Overall the authors conclude that the use of IBDSmart and IBDoc® in routine clinical care of IBD patients over 12 months is demonstrated to be acceptable, usable and non-inferior to standard clinic-based care.

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Three new studies using IBDoc®

Fecal calprotectin (fCAL) is a biomarker used for disease monitoring in patients suffering from intestinal bowel disease (IBD) since it correlates closely with mucosal healing. Calprotectin measuring requires patients to collect and return stool samples resulting in relatively low return rate of samples. Home-based fCAL testing may improve adherence. In this post three recent publications from studies using the BÜHLMANN fCAL home-test IBDoc® are summarized. The publications range from usability studies, correlation to established laboratory methods to correlation to clinical performance:

 

Walsh et al.:

Background: The aim of this study was to correlate fCAL measured using IBDoc® with validated endoscopic and histological disease activity indices in UC.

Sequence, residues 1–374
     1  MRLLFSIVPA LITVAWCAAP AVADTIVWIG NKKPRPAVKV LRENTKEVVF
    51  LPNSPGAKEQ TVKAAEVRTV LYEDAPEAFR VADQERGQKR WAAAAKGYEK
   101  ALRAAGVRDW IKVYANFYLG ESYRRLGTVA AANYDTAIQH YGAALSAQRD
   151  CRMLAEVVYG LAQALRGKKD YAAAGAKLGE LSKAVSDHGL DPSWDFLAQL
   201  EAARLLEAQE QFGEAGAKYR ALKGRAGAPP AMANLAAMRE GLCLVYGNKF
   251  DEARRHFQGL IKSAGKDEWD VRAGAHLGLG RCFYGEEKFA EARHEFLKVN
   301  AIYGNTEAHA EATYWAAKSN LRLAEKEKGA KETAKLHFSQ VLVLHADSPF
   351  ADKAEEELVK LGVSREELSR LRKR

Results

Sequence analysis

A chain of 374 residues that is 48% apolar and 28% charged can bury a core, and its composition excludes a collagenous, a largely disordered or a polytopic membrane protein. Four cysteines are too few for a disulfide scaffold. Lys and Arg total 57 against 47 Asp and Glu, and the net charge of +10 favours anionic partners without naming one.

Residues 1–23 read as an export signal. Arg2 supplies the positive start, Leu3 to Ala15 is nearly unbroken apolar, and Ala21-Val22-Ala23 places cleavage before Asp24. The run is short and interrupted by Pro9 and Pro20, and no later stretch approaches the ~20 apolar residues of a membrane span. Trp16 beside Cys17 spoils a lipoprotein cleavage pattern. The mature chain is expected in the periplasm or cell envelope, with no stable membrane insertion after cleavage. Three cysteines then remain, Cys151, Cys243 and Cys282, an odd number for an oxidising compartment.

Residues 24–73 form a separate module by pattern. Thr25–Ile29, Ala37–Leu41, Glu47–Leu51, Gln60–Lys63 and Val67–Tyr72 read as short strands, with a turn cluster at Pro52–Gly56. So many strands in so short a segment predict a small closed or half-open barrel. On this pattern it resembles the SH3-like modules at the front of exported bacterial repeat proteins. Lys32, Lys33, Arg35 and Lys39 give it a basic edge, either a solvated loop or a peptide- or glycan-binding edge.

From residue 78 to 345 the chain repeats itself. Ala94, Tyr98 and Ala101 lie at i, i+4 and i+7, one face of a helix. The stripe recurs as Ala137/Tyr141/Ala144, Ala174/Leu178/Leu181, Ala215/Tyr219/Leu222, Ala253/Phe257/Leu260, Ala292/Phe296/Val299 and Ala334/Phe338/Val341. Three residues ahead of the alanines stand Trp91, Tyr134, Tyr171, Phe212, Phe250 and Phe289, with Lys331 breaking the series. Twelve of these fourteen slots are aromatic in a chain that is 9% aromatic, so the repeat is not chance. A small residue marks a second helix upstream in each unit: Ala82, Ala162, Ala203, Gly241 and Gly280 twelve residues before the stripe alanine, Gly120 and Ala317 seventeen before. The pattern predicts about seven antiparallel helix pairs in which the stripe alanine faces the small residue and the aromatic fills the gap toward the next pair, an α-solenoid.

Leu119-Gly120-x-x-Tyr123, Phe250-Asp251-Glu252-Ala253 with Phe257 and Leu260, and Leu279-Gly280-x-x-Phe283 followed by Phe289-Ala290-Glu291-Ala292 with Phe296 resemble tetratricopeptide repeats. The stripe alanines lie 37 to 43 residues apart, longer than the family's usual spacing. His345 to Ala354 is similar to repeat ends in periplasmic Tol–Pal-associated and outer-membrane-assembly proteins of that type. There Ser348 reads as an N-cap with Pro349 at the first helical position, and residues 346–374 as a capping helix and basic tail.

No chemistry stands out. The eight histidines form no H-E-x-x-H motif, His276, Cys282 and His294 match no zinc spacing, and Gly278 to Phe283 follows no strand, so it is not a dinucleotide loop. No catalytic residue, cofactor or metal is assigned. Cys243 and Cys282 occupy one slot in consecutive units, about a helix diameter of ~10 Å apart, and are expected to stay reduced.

Methods: Sixty-six patients diagnosed with UC were recruited, and data about various indices such as symptoms (Simple Colitis Clinical Activity Index, SCCAI), quality of life, endoscopic (Ulcerative Colitis Endoscopic Index of Severity, UCEIS) and histological activity (Nancy index) were collected over 6 months. Symptoms were reported daily, quality of life fortnightly, outcomes every 3 months, and endoscopy as well as biopsy at time point 0 and after 6 months. Indices were evaluated and compared to each other.

Results: There was a strong correlation between fCAL and endoscopy and an even stronger correlation between fCAL and histology. It was shown that fCAL levels <187 µg/g were not associated with active endoscopic disease with an area under the curve of 0.915. Further, FC levels < 72 µg/g were not associated with histological inflammation in UC patients with an area under the curve of 0.824.